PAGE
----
Not easy to achieve consensus in a coalition: Govt
Amid criticism that reforms are not being pushed, govt today said it is not easy to achieve political consensus on issues in a coalition because there are hurdles. "It is easy to say evolve political consensus, but it is difficult to achieve, " Jaipal Reddy said. Budget unless rectified will doom economy: Swamy | The other side of budget | Highlights | Reforms on rewinddelhi Updated: Mar 17, 2012 23:37 IST
Amid criticism that reforms are not being pushed, government on Saturday said it is not easy to achieve political consensus on issues in a coalition because there are hurdles.
"It is easy to say evolve political consensus, but it is difficult to achieve, " petroleum minister Jaipal Reddy said in New Delhi while addressing at India Today Conclave.
"During the last 23 years, India has not had a single ruling party. Rajiv Gandhi was the last Prime Minister of India who had the absolute majority in both the Houses of the Parliament," Reddy said.
Reddy's comments came after BJP President Nitin Gadkari who was also sharing the dias, said, "I know one thing that one can donate eye but not the vision."
"The lack of vision, commitment, development-oriented approach, constructive thinking and fast-track decision making process is very essential for a country," Gadkari said.
Gadkari also raised the issue of slow progress over the interlinking of rivers in the country and said that the Supreme Court has already given its decision to connect rivers in the country and it is very important.
On this, Planning Commission Deputy Chairman Montek Singh Ahluwalia said, "Mr Gadkari mentioned interlinking of rivers. That has been on the drawing board. It is not easy to do. One such projet Ken-Betwa is still to get all the environment clearances."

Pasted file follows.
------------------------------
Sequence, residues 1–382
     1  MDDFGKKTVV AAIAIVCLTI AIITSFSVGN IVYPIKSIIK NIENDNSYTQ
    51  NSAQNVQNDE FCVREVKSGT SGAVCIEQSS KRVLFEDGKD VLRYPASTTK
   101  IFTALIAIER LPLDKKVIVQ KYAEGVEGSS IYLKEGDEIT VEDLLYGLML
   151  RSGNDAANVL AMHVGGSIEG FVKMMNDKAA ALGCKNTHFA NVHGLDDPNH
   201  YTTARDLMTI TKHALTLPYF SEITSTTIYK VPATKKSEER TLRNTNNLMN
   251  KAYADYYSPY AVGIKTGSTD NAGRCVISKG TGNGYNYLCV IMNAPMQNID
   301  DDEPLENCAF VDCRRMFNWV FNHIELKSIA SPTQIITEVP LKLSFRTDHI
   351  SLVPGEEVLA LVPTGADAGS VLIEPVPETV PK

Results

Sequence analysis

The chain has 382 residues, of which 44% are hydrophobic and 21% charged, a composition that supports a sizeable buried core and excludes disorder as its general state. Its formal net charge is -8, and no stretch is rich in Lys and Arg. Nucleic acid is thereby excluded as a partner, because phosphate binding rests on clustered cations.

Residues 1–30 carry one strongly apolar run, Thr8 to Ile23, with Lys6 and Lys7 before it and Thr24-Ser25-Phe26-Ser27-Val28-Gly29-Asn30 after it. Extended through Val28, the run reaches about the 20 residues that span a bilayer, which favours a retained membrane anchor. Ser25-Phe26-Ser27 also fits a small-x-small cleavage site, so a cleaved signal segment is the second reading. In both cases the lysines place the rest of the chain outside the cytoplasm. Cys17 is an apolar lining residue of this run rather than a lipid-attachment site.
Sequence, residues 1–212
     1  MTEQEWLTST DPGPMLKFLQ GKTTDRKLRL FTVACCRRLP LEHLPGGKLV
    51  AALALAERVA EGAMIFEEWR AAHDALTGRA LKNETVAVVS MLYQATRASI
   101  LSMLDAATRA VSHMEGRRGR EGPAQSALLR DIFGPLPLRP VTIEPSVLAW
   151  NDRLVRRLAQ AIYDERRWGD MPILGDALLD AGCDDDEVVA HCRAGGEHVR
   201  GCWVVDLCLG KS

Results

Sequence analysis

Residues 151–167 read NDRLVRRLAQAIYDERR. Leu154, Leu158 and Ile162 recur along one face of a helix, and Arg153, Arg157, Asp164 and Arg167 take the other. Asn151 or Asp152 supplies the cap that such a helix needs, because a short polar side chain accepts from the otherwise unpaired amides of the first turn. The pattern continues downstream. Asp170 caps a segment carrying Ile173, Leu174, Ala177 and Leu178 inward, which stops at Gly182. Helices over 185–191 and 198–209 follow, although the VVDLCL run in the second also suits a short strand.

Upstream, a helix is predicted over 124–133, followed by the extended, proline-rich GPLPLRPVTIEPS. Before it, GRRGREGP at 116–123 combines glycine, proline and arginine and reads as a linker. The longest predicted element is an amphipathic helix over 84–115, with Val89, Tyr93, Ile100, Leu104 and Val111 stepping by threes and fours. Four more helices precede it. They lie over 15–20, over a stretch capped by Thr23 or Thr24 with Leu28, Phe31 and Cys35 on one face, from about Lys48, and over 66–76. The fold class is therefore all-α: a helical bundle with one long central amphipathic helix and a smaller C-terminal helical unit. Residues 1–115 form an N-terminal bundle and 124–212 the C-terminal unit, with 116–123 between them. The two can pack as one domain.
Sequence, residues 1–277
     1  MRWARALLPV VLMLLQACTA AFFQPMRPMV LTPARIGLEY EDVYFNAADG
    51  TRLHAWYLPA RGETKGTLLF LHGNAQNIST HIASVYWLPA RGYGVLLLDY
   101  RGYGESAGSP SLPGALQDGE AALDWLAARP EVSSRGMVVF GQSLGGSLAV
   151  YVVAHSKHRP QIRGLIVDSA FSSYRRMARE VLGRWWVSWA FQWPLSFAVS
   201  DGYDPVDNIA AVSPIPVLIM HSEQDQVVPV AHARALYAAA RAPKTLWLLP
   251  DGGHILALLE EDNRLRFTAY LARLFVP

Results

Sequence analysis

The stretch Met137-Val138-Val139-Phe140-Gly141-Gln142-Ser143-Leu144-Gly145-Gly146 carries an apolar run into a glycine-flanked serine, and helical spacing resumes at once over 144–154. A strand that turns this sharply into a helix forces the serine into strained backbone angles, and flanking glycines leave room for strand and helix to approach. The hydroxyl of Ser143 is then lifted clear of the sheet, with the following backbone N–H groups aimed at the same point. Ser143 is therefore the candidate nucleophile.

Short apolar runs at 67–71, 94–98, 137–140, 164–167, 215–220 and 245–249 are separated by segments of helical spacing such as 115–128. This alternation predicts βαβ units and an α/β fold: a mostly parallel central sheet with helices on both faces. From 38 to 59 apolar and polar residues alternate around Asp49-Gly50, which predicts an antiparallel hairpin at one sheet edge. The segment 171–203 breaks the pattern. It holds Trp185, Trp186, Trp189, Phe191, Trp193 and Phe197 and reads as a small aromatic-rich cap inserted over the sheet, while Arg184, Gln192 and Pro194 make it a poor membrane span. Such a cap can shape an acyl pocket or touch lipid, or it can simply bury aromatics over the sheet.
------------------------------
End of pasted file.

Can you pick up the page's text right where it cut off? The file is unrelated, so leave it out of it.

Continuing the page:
Ahluwalia talked about the difficulty in achieving consensus over the various issues among the states particularly when those are ruled by the different political parties.
Defending the government, he said, "The government is taking number of steps. They are trying to identify, what are the impediments to faster implementation of existing projects like power, coal and gas."
Gadkari also raised the issue of Indian investment going abroad and said, "Many Indian industries are investing abroad.
That is also a very serious. Our policies can make India strong."
"We are a rich nation with a poor population. The country is facing a lot of problems. We are to change our economic policies," he added.
However, Ahluwalia maintained that there is conducive investment environment for domestic and foreign players.
On this occasion, Gadkari also pointed out that the country needs to encourage the bio-fuels like ethanol to reduce dependence on the crude oil imports.
"There is a lot of potential of bio-fuels like ethanol, but I don't know what is the reason why the government is not taking the decision to encourage bio-fuels in the country," Gadkari pointed out.
About the criticism of the government on lack of indications about reforms in the Budget, Ahluwalia said that it can not talk about everything.
"There we have talked about the negative list of the service tax. That indicates the step towards introduction of Goods and Service Tax," he added.